Under the Nazi regime in Germany, practices of killing and human experimentation became classed as ‘medical procedures’ as they were performed by licensed doctors. 7% of German doctors became members of the Nazi Party; a list of Nazi doctors can be found here. The experiments were conducted on prisoners in concentration camps, largely Jewish people from across Europe, and other minority groups including Soviet PoWs, homosexuals, and german people with physical disability.
The experiments conducted can only be described as medical torture. The aim of the experiments were multifaceted; to help military personnel in combat situations, to develop new weapons, and to advance the racial ideologies promoted by Hitler and the Third Reich. Experiments included:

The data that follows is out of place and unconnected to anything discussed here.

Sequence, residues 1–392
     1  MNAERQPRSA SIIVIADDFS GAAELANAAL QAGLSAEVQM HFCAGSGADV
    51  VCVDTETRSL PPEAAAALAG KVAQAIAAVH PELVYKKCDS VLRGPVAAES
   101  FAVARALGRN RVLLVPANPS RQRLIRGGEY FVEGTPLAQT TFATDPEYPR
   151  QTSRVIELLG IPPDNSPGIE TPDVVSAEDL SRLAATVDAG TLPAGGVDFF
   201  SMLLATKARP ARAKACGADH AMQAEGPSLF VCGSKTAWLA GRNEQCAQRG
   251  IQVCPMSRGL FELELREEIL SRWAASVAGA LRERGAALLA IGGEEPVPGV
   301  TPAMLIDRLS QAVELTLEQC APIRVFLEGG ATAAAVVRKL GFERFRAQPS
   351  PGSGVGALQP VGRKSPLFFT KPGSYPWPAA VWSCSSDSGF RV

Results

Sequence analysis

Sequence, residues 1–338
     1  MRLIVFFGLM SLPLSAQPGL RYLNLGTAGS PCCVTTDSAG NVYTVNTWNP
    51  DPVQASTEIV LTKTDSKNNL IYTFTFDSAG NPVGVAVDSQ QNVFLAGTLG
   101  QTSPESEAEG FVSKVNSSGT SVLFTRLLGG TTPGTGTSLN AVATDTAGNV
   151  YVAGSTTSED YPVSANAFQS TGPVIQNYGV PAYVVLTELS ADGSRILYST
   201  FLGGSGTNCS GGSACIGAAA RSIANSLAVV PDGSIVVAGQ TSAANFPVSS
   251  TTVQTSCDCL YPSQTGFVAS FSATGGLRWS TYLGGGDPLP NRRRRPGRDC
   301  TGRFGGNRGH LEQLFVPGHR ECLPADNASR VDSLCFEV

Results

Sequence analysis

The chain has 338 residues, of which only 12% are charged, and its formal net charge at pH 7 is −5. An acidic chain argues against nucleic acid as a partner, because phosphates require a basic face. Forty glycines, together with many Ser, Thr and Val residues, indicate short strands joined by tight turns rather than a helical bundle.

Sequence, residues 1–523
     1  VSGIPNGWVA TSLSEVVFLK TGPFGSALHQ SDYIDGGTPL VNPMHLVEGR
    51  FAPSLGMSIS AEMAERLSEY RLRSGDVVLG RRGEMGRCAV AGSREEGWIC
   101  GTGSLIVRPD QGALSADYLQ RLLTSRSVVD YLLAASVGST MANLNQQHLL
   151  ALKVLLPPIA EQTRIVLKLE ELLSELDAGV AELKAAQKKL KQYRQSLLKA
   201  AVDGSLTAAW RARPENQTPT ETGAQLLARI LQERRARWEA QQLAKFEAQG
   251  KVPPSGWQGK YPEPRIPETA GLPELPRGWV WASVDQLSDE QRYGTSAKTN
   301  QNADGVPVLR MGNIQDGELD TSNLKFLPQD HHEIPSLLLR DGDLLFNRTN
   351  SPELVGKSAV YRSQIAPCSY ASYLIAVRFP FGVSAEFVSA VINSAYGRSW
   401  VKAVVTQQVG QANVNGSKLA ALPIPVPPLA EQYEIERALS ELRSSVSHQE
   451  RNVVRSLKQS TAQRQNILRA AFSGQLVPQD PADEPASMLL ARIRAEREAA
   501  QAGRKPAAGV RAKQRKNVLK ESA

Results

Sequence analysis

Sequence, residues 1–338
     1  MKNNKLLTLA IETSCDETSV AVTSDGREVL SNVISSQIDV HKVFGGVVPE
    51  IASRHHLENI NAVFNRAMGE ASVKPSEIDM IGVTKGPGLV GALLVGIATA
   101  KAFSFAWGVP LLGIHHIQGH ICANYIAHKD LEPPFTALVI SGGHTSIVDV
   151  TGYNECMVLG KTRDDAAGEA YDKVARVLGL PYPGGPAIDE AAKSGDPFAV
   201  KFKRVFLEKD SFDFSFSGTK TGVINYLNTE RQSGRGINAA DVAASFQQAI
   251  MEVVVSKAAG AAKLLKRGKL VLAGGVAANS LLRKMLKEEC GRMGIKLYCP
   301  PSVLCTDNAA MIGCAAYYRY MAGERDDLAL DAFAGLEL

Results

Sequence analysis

- sewing twins together in attempts to make ‘conjoined twins’
- removal of sections of bone, muscle and nerve without anaesthesia
- injection of bacteria directly into the bone marrow
- multiple repetitive headstrikes using a mechanized hammer
- exposure to extremes of temperature
- intentional infection with various organisms including the malaria parasite, the hepatitis viruses, tuberculosis, typhus, yellow fever
- deliberate exposure to mustard gas
- deprivation of all food and drink other than seawater
- sterilization using x-rays, intravenous solutions containing silver nitrate
- blood clotting experiments, where prisoners were given a medication then intentionally shot through the chest, or limbs amputated without anaesthesia
The atrocities performed by doctors under Nazi rule culminated in the formation of the Nuremberg Code, a set of research ethics principles for human experimentation at the Nuremberg Trials. (Images sourced here, here, here and here)